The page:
Brendan Fraser Apologizes to San Francisco for George of the Jungle Incident

Brendan Fraser has apologized for getting a little "wild" during the filming of George of the Jungle in San Francisco. At a screening of his new film The Whale during the Mill Valley Film Festival in California, Fraser humorously issued an apology to the city where parts of George of the Jungle were filmed and took place. In an interview with the Bay Area's SFGATE, Fraser recalled a scene where his character — the Tarzan-inspired jungle king — rescues a parasailer dangling from the top of the Bay Bridge in the 1997 Disney comedy.

"I have almost an apology to make. When we were doing George of the Jungle, George goes to rescue a parachutist tangled in the Golden Gate Bridge," Fraser told SFGate, misremembering the Golden Gate Bridge for the Bay Bridge. "That means Disney put a mannequin hanging by a parachute from the uprights."

The scene, which you can watch below, "brought traffic to a standstill on either side of the bridge," Fraser recalled. "My trailer was on the other side in a parking lot. I just remember watching the Golden Gate Bridge. There's this dummy parachutist hanging from it. I had the TV on, and Oprah got interrupted because there was a special news report with helicopters saying a parachute is dangling on the bridge."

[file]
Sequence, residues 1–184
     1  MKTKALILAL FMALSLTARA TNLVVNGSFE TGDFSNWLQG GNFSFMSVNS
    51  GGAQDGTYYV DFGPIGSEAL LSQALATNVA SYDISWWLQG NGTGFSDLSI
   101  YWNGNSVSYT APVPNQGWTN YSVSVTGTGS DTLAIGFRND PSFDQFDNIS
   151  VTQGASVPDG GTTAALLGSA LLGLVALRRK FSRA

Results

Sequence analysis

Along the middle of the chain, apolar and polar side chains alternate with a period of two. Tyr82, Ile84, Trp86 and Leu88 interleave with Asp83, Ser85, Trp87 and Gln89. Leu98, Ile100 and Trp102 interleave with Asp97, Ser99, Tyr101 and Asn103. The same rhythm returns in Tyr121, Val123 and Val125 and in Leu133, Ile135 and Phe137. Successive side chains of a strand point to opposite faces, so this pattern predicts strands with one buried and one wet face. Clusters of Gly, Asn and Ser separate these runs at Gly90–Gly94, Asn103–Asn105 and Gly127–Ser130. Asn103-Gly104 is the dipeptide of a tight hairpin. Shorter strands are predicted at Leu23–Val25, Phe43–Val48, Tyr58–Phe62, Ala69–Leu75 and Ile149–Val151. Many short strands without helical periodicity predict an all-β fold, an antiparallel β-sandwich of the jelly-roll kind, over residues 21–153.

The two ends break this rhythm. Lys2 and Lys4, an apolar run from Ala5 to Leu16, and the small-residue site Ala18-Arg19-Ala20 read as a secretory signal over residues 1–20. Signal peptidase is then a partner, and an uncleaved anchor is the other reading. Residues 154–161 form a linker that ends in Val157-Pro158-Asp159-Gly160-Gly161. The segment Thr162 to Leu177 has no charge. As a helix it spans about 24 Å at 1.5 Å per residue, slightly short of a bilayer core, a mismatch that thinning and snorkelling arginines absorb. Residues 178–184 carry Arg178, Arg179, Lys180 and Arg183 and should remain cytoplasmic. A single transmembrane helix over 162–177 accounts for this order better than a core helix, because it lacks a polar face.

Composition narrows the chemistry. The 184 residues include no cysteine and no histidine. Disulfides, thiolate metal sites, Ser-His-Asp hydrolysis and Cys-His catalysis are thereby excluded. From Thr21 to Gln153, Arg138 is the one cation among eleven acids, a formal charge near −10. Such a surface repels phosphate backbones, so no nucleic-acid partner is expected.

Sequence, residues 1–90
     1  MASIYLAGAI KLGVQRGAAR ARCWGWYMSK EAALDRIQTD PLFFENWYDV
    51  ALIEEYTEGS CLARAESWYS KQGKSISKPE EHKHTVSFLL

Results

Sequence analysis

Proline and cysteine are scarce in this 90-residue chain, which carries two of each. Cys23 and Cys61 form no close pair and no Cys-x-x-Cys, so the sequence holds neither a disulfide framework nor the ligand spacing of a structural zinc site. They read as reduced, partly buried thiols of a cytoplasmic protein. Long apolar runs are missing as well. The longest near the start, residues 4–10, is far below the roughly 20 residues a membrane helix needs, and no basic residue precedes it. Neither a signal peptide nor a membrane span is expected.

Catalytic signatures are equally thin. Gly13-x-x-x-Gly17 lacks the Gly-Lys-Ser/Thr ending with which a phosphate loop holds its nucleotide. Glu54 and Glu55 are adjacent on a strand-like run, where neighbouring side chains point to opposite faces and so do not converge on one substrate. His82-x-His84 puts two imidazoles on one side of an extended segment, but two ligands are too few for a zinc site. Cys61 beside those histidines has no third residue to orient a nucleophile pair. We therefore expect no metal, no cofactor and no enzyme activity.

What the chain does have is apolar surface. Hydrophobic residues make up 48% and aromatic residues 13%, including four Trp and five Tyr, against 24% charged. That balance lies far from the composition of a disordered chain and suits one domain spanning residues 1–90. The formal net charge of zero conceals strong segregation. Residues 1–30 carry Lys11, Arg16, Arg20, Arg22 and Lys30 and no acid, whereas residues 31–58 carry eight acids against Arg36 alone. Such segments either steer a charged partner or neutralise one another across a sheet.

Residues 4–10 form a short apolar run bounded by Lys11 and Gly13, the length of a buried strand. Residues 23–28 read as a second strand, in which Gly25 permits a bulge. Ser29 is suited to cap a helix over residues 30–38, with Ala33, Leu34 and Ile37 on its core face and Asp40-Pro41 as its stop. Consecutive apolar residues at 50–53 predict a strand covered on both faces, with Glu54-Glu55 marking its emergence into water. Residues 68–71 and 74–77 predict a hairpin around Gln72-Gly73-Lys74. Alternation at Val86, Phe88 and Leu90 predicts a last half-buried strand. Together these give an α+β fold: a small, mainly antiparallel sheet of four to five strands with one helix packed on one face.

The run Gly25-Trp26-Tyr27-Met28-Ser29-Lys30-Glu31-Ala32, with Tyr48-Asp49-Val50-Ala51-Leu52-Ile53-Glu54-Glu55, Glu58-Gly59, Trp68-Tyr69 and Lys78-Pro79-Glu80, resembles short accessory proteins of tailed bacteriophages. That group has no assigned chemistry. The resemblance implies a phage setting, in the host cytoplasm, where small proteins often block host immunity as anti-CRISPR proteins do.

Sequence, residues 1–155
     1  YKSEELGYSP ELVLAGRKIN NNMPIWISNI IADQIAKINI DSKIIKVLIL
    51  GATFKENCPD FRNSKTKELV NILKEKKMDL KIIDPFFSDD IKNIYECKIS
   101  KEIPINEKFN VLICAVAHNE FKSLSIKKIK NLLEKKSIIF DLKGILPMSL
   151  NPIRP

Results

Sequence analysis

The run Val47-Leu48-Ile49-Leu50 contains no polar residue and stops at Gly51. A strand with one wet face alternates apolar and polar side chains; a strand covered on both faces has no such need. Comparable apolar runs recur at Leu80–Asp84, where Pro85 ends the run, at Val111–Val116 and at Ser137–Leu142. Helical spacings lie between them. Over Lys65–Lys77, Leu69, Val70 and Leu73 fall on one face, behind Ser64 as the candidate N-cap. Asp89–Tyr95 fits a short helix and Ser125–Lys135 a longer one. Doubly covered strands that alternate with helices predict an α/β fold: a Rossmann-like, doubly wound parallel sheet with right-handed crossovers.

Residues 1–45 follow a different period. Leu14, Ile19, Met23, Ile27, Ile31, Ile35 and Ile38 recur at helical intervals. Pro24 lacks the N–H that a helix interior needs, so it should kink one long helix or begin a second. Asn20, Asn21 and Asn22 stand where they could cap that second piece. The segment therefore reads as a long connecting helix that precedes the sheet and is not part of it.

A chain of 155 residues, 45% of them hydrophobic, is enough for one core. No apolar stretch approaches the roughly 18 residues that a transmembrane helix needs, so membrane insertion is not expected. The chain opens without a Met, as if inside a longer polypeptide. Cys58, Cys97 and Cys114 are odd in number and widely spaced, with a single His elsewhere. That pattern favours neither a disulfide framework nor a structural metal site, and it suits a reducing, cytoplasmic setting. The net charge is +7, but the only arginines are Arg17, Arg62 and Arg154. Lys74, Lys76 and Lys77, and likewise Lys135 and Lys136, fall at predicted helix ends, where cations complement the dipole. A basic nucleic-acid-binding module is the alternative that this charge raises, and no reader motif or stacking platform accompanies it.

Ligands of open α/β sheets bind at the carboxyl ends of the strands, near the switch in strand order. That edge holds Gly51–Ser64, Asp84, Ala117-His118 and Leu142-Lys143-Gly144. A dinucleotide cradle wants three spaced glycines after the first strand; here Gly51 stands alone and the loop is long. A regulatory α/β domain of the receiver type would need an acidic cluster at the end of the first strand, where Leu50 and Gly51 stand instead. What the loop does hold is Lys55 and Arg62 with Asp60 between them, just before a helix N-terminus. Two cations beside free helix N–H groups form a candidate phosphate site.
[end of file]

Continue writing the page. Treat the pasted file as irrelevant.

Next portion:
Fraser continued: "And I'm going — wait a minute, I'm looking at the helicopters and TV — somebody didn't pull a permit, somebody's going to get in trouble with the mayor's office. So I can only apologize for that."

Referencing the scene again while accepting a lifetime achievement award for acting, Fraser said of the George of the Jungle traffic jam, "My bad, it won't happen again."

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The Mummy and Doom Patrol star next appears in the Darren Aronofsky-directed The Whale, playing a reclusive obese man who attempts to connect with his estranged daughter (Stranger Things' Sadie Sink). In an interview with Vanity Fair, Fraser said of the role that has earned him widespread critical acclaim: "[Aronofsky] said he wanted an actor to reintroduce. And I wanted to be reintroduced." 

"If there's no risk, then why bother? I want to learn from the people I'm working with at this point in my career," Fraser said. "I've had such variety, a lot of high highs and low lows, so what I'm keen for, in the second half of my time doing this, is to feel like I'm contributing to the craft and I'm learning from it. This is a prime opportunity. I wanted to disappear into it. My hope was that I would become unrecognizable. I wanted to know what I was capable of."